Then I finally read Stephen King’s On Writing: A Memoir of the Craft. Another one that I started once upon a time, but never finished. Sentences and paragraphs to quote abound but two of my top ones: “Amateurs sit and wait for inspiration, the rest of us just get up and go to work.” And, “In many cases when a reader puts a story aside because it ‘got boring’, the boredom arose because the writer grew enchanted with his powers of description and lost sight of his priority, which is to keep the ball rolling.” I struggle with adding description to my stories, preferring to “keep the ball rolling”, so this one amuses me.

art-of-war-for-writersNext was a book by James Scott Bell, The Art of War for Writers: Fiction Writing Strategies, Tactics, and Exercises. (Something else I’ve noticed about many of these writing books is their rather wordy titles. Authors trying to get their word-count in? Or, perhaps, writers are just naturally loquacious?) Bell has several books out on writing, and I feel I need to be collecting these.

I reviewed Betsy Lerner’s The Forest for the Trees: An Editor’s Advice to Writers in a previous forest for the treespost. (September) This book is unique as Lerner has been an agent, an editor, and a writer, so she is able to share her perspective from all three of these roles. I shared several quotes from this book already, but here’s another one: “For the writer who truly loves language, a trip to the copy editor is like a week at a spa. You come out looking younger, trimmer, and standing straighter.” Not sure we all feel that way, but I get the point.

My most recent read was by Bret Lott, Letters and Life: On Being a Writer, on Being a Christian. More quotes on the importance of characters rather than lengthy descriptions. “I saw, suddenly and fully, that a story was about the people involved. I bret-lottsaw that embellishment brought to the table an unwanted intruder: the author.”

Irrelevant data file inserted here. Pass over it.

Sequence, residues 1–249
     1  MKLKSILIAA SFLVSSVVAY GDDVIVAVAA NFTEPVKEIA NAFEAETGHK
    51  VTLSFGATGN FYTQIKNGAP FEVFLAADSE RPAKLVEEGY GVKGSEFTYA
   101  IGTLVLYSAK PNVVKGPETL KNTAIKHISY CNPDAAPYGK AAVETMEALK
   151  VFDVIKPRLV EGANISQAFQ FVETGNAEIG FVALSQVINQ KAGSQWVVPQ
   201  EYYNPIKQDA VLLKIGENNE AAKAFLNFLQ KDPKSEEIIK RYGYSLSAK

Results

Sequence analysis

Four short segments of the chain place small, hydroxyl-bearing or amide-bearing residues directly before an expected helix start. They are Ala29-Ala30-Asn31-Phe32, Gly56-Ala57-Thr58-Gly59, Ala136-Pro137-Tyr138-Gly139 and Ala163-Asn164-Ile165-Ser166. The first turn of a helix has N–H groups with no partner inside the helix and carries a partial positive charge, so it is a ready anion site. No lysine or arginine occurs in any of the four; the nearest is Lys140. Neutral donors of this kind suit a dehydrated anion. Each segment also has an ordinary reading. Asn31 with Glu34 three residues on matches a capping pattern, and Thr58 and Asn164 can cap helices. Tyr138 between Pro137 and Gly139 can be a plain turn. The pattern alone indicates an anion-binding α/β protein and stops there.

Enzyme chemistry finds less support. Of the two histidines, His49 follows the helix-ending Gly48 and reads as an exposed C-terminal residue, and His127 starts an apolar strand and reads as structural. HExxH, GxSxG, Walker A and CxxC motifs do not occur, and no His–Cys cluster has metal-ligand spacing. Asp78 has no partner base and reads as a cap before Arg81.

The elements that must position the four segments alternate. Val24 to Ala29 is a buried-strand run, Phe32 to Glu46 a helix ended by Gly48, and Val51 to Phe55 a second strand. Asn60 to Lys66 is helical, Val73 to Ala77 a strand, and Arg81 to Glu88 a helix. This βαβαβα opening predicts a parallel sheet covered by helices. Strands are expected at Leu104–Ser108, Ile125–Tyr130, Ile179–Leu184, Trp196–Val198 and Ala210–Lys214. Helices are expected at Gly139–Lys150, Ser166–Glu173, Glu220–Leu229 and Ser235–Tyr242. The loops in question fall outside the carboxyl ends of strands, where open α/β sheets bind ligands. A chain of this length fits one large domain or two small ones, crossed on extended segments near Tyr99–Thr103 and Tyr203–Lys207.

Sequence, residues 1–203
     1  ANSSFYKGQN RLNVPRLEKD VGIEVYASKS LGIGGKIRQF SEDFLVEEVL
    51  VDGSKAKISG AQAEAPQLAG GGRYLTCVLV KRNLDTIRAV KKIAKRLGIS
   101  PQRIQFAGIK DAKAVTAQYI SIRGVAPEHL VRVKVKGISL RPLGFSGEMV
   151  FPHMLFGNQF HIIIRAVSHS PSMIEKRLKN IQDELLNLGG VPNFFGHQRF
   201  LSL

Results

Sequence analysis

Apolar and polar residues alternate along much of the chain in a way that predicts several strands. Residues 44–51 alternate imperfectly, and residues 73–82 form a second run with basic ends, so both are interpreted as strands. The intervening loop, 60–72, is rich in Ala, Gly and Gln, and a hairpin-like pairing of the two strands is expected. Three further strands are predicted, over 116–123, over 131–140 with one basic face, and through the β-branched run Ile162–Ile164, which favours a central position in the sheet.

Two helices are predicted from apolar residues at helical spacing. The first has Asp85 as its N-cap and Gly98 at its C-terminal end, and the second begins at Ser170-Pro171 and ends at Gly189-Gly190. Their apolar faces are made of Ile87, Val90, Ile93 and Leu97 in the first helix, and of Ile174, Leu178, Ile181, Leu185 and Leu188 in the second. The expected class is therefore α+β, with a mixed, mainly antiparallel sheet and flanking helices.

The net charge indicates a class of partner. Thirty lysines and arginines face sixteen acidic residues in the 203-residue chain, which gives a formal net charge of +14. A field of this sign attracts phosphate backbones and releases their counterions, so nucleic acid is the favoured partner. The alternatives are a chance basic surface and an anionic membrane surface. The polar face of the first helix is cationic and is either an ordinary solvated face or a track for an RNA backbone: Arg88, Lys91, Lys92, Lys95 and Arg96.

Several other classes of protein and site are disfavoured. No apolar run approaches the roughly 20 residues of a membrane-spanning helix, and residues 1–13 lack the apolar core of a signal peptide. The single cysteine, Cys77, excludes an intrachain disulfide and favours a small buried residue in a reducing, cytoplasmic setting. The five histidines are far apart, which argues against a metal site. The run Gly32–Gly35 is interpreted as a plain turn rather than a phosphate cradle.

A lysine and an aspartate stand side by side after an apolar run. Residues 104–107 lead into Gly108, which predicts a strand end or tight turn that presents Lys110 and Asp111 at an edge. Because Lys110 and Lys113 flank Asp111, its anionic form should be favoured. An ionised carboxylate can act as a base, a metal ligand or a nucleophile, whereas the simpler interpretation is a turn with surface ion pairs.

And: “What I saw in his (Raymond Carver) work was that in my own, I had to be the last one heard from in this pile of words I was arranging, and that humility was the most valuable tool I could have, because the people about whom I wanted to write mattered so very much more than the paltry desires of the writer himself. They mattered so very much more than me. My job was to get out of the way.”

I have several more writing books on my tbr list and just picked up a new one from the library. How about you? Read any good books on writing lately? Which ones have inspired you or just made you laugh? Which would you recommend?

 

 

 

Sixteen of My Favorite Books from 2016

I probably should have worked on this post last week, but better late than never. I did take a few days away from writing during the holidays, but I spent the last few days of 2016 trying to start my next book which I suppose I should call “The Continuing Saga of Solomon”. Well, it’s just a working title.

So, I’ve been reading blog posts on everyone’s favorite books of 2016, so thought I would go to goodreads and find out what were my favorite books this past year. All of the books I’m going to mention were either four or five star for me but that does not mean there weren’t a few others that hit that mark. Trying to keep it down to sixteen was a challenge. Sometimes, though, I think I’m too generous with my stars (especially if I’m struggling with my own writing and feel that any writer who actually finished writing a book should receive at least two stars for that accomplishment alone), but, regardless, I will only mention books today that were either my top favorites or were by a new author for me.